When you don't have faith in yourself, you're guaranteed to stay stuck where you are. Guaranteed.
Memento Mori
Reply
#14
RE: "The American Dream" is just a myth we tell ourselves
What broad data like that suggests is that it isn't on account of any personal and correctable deficiency that the poor remain poor.  I think that you're underestimating how very much like you any other 23 year old is,.  Certain that they can take on the world and beat the stats.

The cynicsm of the poor, despite all of that, is well grounded in reality, a reality which no amount of personal faith can alter. On a lark, I checked the zip code map..hahaha, they nailed it. Kinda wishing I'd been from dakota at this point, I'd be doing even better. The wife is fuckin crushin it, tho. Indicates that my children can expect much the same in their zipcode, where that amount of money is worth alot more.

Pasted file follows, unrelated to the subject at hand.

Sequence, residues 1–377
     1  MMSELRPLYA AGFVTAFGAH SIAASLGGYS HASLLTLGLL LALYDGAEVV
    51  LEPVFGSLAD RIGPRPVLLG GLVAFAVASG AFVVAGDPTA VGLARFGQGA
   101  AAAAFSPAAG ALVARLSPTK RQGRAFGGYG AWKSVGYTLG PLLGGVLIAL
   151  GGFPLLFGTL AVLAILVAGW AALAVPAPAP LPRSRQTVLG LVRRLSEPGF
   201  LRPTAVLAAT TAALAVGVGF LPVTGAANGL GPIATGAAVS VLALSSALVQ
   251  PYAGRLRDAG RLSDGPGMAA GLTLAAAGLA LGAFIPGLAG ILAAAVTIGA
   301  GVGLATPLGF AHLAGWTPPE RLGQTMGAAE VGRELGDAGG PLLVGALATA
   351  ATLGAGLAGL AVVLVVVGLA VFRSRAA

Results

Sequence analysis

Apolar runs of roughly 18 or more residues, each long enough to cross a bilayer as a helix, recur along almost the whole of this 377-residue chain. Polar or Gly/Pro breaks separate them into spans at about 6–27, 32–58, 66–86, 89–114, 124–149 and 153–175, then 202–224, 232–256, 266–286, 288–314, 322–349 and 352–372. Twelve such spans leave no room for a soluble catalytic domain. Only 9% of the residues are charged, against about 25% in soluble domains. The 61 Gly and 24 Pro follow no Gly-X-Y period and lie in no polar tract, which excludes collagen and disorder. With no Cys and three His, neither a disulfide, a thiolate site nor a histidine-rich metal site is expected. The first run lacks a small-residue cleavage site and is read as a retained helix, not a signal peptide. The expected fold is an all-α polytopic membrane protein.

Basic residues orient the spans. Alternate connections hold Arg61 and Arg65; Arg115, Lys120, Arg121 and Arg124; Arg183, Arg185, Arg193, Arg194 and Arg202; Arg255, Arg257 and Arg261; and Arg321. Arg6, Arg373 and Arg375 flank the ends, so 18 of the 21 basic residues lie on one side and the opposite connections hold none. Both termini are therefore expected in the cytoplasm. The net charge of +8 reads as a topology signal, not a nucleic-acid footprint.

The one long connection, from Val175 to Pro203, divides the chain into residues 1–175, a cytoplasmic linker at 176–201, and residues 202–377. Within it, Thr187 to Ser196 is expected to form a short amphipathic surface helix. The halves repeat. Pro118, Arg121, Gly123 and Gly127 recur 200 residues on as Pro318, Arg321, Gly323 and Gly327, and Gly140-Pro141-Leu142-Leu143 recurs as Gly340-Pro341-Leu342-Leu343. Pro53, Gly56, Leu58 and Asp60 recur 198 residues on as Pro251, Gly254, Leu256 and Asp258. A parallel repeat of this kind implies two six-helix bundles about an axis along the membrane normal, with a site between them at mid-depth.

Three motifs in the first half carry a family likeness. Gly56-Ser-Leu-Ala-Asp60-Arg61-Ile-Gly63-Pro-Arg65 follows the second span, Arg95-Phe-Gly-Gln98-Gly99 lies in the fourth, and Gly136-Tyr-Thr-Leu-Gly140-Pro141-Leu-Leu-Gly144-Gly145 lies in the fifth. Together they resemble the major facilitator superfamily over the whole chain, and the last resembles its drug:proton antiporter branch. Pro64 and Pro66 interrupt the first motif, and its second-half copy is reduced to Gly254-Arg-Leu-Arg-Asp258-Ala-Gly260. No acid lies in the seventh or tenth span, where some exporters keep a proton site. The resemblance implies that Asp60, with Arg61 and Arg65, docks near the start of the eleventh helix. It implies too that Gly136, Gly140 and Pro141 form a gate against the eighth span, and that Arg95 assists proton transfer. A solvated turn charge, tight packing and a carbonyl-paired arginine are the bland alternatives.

So that's good news, right? Ultimately that;s what I want for them, a life alot like my own..perhaps without the blips here and there. I don't expect any of them to be doctors or lawyers, lol. I'd be kindof disappointed if they were.

-what was really fun, is checking off other demos boxes and watching half the expectation just fall right the hell off. Had I been the wrong shade of lipstick, or born to the wrong parents..compared to my zip code peers, I'd be trying to raise 4 kids and pay off my commitments on minimum wage.
When in the course of human events it becomes necessary for a battle to commence then KPLOW, I hit em with the illness of my quill, Im endowed..with certain unalienable skills....  

-ERB


Reply
#15
RE: "The American Dream" is just a myth we tell ourselves